This means that any incentive a large entity with deep pockets has had to pay patent owners to keep the privilege of practicing their invention is essentially gone. Those companies have made the calculation -and no one can really blame them for doing so- that it is a lot cheaper to defer payment to patent owners for years, with no real downside if they ultimately lose, and with the added bonus that most patent owners will throw in the towel long before that as they run out of money.
Two important and much awaited court decisions could change that. First, the Federal Court of Appeals may soon be ruling en banc on the request by Apple (initially denied by the district court then reversed by a 3 judge panel) to have a permanent injunction forcing Samsung to change the design of its picture app icon which was held to infringe Apple’s design patent. This would be a major reversal of Ebay and its progeny and would send a shock wave to operating companies who have jumped on the “efficient infringing” bandwagon.
Second, in accepting to hear the combined cases of Halo and Stryker, the US Supreme Court is set to rule in the next months on the test for awarding “enhanced damages” in patent cases, and many expect the highest tribunal to lower the standard that has made it almost impossible for successful plaintiffs to collect treble damages from willful infringers. Either one of these two decisions would significantly change the current environment; a pro patentee ruling on both would profoundly impact the landscape and bring the IP marketplace in a much better state of equilibrium where legitimate patent owners can be rewarded, while those who want to abuse the system are penalized accordingly.
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9 comments so far.
Guy FielderJanuary 7, 2016 11:21 pm
I am an inventor and not licensed to practice law. The fluid landscape makes it difficult for the plaintiff side of the table and the uncertainty gives the infringing party all the trump cards. A Google or a Microsoft can wait decades for the courts to offer a verdict still vague and in-determinant; meanwhile the meter is running on the life of the patent and the expenses of litigation. Add in billions to purchase Congress and the only way this can end well for the small inventor would be if Congress magically discovered integrity and ethics.
TitusJanuary 4, 2016 02:39 pm
Big thanks for this great piece. We hold a patent on a tool system, and have refrained from submitting to larger manufactures, specifically because of infringement/re-engineering concerns. We will be watching both cases closely.
Again, thanks for shedding light on this.
Mike LloydJanuary 3, 2016 04:55 pm
Great article, but I have a question. The author claims that only 25% of patents survive an IPR with at least one valid patent claim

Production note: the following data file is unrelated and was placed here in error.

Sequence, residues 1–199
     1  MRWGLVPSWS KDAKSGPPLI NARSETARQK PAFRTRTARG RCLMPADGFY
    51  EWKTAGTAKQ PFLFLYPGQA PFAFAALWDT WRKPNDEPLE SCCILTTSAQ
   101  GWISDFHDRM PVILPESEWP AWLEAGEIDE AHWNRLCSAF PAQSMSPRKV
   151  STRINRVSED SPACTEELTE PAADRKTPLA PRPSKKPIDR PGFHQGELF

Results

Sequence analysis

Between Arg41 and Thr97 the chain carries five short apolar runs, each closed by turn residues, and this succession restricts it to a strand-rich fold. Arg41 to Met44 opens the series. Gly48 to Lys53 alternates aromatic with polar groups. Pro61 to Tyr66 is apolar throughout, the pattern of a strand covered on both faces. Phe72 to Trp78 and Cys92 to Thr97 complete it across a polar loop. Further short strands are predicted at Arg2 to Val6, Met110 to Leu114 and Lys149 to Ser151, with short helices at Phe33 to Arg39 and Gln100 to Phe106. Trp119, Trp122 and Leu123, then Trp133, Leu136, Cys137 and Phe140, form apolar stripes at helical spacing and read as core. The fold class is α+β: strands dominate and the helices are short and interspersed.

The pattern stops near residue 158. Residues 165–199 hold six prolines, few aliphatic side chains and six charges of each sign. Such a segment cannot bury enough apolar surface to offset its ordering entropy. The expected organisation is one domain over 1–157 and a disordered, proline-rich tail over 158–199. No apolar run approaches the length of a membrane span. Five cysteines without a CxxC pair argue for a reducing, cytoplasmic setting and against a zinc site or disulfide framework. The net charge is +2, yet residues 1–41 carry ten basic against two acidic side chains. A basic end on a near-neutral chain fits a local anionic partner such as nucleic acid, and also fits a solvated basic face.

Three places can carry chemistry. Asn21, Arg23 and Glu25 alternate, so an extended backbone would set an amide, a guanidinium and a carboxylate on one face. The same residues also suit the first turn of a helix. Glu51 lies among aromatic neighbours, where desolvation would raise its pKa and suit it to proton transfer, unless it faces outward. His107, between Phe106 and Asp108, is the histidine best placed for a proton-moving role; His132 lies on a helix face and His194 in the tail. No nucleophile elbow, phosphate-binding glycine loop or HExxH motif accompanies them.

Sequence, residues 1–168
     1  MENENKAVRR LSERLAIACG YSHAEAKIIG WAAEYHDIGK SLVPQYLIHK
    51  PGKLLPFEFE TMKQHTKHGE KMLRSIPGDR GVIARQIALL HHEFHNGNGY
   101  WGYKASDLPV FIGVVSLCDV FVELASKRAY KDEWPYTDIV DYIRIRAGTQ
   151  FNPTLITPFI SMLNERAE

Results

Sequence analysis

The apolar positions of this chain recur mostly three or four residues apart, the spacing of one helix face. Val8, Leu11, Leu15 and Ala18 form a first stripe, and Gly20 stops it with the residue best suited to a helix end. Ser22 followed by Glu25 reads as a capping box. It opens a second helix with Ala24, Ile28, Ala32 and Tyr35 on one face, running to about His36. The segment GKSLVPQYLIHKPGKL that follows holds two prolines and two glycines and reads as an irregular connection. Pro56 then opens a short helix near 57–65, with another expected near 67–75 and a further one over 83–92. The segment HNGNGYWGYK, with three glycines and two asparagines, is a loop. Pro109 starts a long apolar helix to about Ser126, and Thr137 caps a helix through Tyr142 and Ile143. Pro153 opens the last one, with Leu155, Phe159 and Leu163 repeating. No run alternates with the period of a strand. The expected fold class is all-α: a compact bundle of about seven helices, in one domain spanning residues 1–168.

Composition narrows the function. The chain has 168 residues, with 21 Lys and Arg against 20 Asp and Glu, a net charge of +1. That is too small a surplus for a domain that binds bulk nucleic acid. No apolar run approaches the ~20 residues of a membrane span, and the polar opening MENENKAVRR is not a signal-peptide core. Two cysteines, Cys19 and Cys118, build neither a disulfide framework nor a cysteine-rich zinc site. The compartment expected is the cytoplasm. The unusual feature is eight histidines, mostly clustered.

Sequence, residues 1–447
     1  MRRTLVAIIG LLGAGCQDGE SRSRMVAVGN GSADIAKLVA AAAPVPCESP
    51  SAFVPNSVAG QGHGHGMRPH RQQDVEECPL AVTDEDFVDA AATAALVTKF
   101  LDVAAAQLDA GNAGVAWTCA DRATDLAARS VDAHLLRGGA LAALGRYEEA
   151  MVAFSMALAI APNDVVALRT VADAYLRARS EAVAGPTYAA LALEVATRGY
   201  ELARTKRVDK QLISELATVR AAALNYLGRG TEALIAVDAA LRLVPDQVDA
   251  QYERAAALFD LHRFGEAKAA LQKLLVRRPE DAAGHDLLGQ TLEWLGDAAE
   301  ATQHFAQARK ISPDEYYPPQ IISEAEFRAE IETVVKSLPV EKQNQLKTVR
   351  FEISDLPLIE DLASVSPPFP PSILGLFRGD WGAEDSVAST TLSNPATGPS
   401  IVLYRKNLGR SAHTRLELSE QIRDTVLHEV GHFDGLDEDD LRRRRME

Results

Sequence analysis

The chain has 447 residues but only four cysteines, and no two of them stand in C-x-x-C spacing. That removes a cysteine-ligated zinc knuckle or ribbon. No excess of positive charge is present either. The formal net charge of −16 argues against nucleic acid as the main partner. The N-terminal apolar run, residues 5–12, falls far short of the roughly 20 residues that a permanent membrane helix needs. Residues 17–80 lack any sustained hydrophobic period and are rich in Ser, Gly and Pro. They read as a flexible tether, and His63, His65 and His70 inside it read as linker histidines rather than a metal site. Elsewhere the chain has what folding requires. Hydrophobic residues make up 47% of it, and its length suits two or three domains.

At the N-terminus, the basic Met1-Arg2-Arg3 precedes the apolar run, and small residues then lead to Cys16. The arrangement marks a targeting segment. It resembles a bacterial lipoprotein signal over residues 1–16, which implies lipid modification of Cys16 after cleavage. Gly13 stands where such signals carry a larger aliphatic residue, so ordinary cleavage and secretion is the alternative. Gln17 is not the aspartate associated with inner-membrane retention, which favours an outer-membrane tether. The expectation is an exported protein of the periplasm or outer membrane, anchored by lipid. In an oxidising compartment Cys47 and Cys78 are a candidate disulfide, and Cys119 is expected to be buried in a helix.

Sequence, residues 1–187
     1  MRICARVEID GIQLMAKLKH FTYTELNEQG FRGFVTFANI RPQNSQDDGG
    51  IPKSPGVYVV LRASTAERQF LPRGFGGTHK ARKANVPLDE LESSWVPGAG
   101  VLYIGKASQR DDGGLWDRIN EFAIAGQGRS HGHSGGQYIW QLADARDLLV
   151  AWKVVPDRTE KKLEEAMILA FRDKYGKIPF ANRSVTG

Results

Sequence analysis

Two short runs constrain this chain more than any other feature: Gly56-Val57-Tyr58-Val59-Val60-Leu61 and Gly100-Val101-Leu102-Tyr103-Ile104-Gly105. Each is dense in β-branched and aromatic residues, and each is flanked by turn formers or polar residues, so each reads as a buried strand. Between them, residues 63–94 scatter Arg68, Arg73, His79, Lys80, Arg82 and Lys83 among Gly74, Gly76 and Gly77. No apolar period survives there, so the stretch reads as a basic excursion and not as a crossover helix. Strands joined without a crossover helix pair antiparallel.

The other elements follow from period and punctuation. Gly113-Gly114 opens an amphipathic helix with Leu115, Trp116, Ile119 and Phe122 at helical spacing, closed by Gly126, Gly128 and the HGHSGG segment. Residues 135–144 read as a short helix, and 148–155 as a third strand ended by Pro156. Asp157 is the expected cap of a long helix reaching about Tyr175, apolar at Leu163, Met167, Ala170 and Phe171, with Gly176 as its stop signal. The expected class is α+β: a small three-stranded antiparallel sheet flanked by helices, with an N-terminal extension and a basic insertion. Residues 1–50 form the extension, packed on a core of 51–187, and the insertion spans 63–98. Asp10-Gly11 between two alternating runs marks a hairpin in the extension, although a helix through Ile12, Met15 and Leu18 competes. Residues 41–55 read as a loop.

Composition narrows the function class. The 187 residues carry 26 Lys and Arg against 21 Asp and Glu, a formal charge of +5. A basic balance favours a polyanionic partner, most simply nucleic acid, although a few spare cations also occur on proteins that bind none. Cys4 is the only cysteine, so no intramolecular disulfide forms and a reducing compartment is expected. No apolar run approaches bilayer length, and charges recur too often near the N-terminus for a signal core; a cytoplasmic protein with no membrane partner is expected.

Meanwhile the USPTO claims that only 25% of challenged claims in an IPR are found to be unpatentable:
Can you please explain this difference in data? Do you have a source for the first figure?
GunrunnerJanuary 2, 2016 03:14 pm
Might be time to look back. At an earlier time a company would have their enforcers pay a visit to the infringing company. In no better terms the infringer would soon try to enter into an agreement with the patent holder or just plain stop using the in question property and intellectual property of the patentee.
These things have a way of sorting themselves out in the old style of business contact.
Sounds like a good time to relive the good old days!
DanDecember 31, 2015 09:58 am
Rejuvenating enhanced damages is much needed for patentees. Plus, the Federal Circuit has approved asking juries whether, after calculating a reasonable royalty, an additional sum is warranted to “adequately compensate” the patentee for the use made by the infringer as the patent act demands. When the combination of a reasonable royalty and any additional sum are subject to enhancement, under a less stringent standard, that calculus should finally turn some heads.
Charles MauroDecember 31, 2015 09:14 am
Louis: Great piece, but you overlooked the possible CERT in Apple v. Samsung related essentially to design patents and the attack on 289. If the SC takes up the CERT and rules against 286 the entire landscape of design patents will be altered and not for the good.
BennyDecember 31, 2015 05:35 am
You are already well in the dark, as you put it. I don’t believe any manufacturer programs an “embedded computing” device without putting read-protection in place. Even if they do file patent applications, you have no way of knowing if the actual device on the market isn’t running a more advanced version than that disclosed to the public. I’m not at all sure that the alternative you propose would be a better option for manufacturers or the consumers.
Paul MorinvilleDecember 31, 2015 01:15 am
Night Writer, Judging by the drop in patent applications and maintenance fees, perhaps we have already gone dark.
Night WriterDecember 30, 2015 10:51 pm
I’ve had conversations with top notch inventors who basically want a way to hide what they did and not file a patent application. As soon as the big internationals get their trade secret laws into place, then the companies can hire people to build the systems they invented and force them to keep quiet about it. We are going to go dark soon for any invention that can be hiden behind a firewall.